Having Full Assurance
In this day of uncertainty in the world that we live in, it is wonderful to have the ‘full assurance’ of salvation, and it is God’s will for every genuine believer the enjoy this assurance. Toward the close of his life the Apostle John wrote by divine inspiration to the believers of Israel concerning truth for all genuine believers since the Cross-work of Christ has been completed.
“These things have I written unto you that believe on the name of the Son of God; [so] that ye may know that ye have eternal life, and that ye may believe on [put your continual trust in] the name of the Son of God.” 1 John 5:13 (KJV)
The name “Jesus” means “Savior.” It is the same name as “Joshua” in the Old Testament. And it is given to our Lord Jesus before His cross because “He shall save His people [Israel] from their sins," (Matthew 1:21). Of course, we know from the word that He died to pay for the sins of the whole world of mankind.
Thus, the name “Jesus” is a very encouraging name to all who are weighted-down with the guilt of sin or the cares of this world.
He, who is the King of kings and the Lord of lords, might lawfully have taken some more high-sounding title. But He does not do so. The rulers of this world have often called themselves great, conquerors, bold, magnificent, and the like. The Son of God is content to call Himself Savior.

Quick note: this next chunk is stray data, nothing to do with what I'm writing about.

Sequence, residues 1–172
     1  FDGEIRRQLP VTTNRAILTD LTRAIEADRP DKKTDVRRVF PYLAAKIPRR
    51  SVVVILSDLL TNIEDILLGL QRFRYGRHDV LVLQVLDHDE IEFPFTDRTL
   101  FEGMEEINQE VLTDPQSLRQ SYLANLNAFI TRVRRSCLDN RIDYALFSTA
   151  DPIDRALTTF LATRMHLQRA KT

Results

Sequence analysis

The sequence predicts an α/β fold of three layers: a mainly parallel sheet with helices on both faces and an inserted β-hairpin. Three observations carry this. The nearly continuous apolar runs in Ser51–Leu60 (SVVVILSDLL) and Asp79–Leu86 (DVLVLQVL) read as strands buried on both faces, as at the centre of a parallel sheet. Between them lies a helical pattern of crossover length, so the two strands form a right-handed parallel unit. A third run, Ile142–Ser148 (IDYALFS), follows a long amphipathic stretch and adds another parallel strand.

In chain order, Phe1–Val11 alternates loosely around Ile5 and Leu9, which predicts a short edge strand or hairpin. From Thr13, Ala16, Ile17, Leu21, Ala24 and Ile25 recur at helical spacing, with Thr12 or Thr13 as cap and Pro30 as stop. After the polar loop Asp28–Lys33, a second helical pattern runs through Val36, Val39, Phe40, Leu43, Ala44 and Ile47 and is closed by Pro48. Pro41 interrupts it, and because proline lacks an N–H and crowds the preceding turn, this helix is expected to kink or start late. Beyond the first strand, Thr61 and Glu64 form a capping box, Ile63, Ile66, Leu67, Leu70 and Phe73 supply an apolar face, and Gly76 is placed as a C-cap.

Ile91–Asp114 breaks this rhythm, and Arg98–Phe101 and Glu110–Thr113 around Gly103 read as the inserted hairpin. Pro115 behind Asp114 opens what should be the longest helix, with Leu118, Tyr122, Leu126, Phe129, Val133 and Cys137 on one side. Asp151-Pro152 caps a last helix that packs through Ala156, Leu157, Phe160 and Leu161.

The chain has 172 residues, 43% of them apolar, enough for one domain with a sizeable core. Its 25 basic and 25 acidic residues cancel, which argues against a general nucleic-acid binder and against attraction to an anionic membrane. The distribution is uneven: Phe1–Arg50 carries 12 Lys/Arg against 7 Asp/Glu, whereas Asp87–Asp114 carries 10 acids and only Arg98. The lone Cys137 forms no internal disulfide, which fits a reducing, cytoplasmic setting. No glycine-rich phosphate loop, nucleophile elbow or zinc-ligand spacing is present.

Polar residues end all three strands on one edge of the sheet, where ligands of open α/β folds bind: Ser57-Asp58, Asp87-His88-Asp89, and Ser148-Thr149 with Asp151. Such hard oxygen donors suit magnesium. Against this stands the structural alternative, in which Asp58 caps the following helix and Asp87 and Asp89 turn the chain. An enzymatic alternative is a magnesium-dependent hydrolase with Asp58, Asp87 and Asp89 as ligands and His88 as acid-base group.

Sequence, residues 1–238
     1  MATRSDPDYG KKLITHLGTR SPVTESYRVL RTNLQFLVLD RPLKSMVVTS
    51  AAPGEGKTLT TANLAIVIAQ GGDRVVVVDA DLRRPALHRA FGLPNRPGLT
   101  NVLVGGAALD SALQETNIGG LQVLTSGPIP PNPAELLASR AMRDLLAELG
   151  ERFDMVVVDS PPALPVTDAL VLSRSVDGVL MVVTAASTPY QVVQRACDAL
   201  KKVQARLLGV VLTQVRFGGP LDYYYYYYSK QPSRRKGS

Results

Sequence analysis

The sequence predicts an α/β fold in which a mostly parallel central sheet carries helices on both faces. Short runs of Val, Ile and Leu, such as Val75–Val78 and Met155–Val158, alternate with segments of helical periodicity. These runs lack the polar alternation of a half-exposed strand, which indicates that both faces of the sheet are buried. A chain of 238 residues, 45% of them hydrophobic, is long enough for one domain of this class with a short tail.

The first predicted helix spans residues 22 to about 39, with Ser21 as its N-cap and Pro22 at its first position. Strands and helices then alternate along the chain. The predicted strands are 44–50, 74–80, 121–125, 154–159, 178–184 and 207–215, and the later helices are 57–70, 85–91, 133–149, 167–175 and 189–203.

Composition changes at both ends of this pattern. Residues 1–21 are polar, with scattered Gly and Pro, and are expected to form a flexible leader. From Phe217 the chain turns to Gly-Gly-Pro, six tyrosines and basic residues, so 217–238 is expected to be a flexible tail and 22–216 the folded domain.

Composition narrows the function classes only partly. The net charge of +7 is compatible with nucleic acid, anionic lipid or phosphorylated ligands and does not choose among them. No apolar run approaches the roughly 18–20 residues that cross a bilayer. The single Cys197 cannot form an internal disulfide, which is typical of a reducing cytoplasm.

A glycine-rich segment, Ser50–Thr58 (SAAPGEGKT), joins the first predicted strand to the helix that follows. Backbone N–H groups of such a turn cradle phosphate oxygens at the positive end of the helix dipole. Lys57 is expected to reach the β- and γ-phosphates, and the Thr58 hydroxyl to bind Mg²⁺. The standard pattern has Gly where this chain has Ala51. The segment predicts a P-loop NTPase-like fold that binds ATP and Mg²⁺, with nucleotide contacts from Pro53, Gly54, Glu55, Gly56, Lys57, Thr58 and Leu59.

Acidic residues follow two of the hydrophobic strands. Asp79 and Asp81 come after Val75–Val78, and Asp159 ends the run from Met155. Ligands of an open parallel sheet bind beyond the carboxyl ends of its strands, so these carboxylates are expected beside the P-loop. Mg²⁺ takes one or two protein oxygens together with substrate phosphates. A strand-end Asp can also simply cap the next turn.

There are these three means by which believers in Christ may enjoy the full assurance of His salvation:
- First, God urges every true believer: “Let us draw near, with a sincere heart, in full assurance of faith…” (Heb. 10:22). This is the full assurance that results from simply believing God; much as a child implicitly believes what his father has said and is absolutely sure that it is true.
God says: “He that believeth on the Son hath everlasting life” (John 3:36). We may simply — and with good reason — believe His Word and enjoy the “full assurance of faith.”
- Second, we may enjoy what Heb. 6:11 calls “the full assurance of hope.” The hope of the Bible, however, must not be confused with wishing. Rather, it is the Greek ‘elpis,’ having the meaning the “confident expectation.” This Christian “hope” is “an anchor of the soul, both sure and stedfast” (Ver. 19). It comes from believing God’s word, the “promises” (v12) of His word. Thus, the “full assurance of hope” is the confidence that results from having believed, trusted in, relying upon, God’s Word.
- But third, and best of all, is what Col. 2:2 calls “riches of the full assurance of understanding.” This full assurance is God’s reward to Christians who study His Word and His purposes, beginning with His plan of salvation as revealed in “the gospel of the grace of God.” When one not only believes God’s Word, but begins to understand it he cannot but be gripped by its sublime reasonableness, its powerful logic, and its provision for his deepest needs, and thus he comes to enjoy “all [the] riches of the full assurance of understanding.”
We can thank God that we have and trust in His word in our hands and can have it in our mind.